Karta’s post-mortem results indicate placental detachment issues

Adelaide Zoo’s veterinary team have undertaken a post-mortem examination on Karta the Sumatran Orangutan, who tragically passed away last week.

34-year-old Karta went into labour at around 6pm on Thursday, 26 January 2017 and gave birth to a stillborn infant. Sadly, she passed away just hours later.

Preliminary results indicate Karta experienced some placental detachment issues which lead to uterine bleeding.

Zoos SA Senior Veterinarian Dr Ian Smith said the necropsy indicated Karta experienced blood loss which ultimately led to her death.

“The treatment for such condition would be a hysterectomy but Karta would have been a poor candidate due to the blood loss she suffered,” Dr Smith said.

“The placental issue was effectively inoperable with medical treatments only delaying the inevitable.

“The histopathology results, which we’ll receive in a few weeks’ time, will shed more light on any other underlying issues that may have contributed to the placental issue or compounded the physiological impairment caused by the blood loss.

The veterinary team also conducted a post-mortem on Karta’s infant which showed the infant was stillborn and did not take a breath.

“The examination showed signs of meconium aspiration which is a sign of foetal distress. The risk factors for this include maternal blood loss from the placental bleeding and breech presentation.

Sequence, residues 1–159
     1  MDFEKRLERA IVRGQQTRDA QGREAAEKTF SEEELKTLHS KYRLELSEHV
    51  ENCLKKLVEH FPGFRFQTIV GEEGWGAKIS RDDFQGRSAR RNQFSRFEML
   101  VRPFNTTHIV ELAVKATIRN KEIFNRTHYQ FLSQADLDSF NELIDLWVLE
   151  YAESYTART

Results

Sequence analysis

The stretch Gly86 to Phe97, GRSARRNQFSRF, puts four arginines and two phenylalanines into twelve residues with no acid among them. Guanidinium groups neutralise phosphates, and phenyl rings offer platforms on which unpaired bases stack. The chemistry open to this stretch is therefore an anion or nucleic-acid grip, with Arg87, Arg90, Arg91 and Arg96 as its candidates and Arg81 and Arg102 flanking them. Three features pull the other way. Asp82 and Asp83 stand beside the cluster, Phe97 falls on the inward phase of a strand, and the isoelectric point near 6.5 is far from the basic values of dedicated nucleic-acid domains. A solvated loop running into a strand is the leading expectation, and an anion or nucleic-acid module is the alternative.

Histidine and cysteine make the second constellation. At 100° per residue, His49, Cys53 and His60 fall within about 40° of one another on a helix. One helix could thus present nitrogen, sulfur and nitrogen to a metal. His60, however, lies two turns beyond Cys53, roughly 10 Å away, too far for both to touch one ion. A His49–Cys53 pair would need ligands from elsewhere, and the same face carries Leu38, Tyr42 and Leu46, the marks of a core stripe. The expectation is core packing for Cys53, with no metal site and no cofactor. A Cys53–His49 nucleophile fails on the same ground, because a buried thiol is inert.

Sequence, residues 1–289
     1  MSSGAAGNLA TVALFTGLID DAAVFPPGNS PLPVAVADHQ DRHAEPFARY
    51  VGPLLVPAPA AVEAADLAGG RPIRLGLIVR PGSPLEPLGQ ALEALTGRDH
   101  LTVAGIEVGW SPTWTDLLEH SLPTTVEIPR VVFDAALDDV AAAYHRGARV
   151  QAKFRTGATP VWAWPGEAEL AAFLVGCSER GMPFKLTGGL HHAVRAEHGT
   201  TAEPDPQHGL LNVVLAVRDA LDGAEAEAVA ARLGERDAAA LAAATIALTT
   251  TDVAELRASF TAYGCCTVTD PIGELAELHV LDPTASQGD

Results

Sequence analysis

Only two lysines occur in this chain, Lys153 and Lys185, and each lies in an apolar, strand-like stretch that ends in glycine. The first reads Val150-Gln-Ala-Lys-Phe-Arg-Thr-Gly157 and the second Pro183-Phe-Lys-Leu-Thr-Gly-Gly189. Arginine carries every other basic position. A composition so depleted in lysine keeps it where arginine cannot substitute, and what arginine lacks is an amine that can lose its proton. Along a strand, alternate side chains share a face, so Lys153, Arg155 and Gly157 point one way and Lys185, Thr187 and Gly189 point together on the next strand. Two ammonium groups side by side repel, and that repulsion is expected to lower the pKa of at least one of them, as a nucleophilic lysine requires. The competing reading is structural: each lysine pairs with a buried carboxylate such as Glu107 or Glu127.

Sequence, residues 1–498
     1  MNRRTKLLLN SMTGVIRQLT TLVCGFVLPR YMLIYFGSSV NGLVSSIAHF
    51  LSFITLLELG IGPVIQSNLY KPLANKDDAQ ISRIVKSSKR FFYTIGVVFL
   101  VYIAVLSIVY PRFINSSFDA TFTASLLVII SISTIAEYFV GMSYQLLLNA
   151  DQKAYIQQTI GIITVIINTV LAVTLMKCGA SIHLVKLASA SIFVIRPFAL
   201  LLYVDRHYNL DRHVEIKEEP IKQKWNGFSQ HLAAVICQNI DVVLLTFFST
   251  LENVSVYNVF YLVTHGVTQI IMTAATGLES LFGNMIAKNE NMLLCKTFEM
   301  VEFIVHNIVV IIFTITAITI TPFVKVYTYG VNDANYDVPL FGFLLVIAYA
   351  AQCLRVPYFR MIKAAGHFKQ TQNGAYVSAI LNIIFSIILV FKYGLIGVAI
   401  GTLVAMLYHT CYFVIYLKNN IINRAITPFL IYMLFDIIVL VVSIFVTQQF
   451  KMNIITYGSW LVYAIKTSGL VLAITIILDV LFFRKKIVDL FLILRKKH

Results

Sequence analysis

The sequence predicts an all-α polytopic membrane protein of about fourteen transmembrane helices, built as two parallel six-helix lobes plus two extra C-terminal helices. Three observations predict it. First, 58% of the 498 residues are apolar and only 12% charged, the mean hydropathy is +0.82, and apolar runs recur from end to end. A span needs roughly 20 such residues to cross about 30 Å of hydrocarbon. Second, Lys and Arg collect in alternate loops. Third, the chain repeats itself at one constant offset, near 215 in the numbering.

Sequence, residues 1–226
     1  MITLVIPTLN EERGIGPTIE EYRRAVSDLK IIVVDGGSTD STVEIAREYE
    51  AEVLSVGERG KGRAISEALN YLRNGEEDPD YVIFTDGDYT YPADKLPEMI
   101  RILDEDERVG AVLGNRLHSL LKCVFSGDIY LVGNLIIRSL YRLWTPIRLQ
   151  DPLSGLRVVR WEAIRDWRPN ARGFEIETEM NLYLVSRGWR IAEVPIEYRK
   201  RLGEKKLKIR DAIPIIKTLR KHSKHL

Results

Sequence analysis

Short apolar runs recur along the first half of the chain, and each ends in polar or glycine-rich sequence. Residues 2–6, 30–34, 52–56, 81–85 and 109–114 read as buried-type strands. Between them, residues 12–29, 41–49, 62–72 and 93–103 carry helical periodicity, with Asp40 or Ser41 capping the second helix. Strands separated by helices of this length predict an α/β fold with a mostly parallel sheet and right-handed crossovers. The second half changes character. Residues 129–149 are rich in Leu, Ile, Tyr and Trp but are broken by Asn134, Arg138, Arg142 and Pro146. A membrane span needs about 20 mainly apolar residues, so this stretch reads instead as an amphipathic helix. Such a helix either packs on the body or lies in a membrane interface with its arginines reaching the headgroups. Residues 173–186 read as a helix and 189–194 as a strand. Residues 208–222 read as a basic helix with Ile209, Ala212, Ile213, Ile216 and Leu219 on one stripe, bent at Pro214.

“The maternal blood loss compromised the foetus and caused its death.

“The ultrasound performed the day before indicated no such signs of foetal distress.”

Zoos SA staff and volunteers are mourning the loss of our beautiful Karta and would like to thank the community for the outpouring of support at this sad time.

We continue to do all we can to support Kluet as he grieves the loss of his mate.

We also pay tribute to our expert veterinary and primate teams for their professionalism in dealing with such a difficult situation.

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About Zoos SA

Zoos SA is a not-for-profit conservation charity that exists to connect people with nature and save species from extinction.

Zoos SA acknowledges the Country on which we stand always was, and always will be, Aboriginal land and we pay our deepest respect and gratitude to Kaurna (Adelaide Zoo) and Ngarrindjeri (Monarto Safari Park) Elders, past, present and emerging.

We undertake critical conservation work throughout Australia and acknowledge the traditional custodians of these lands.


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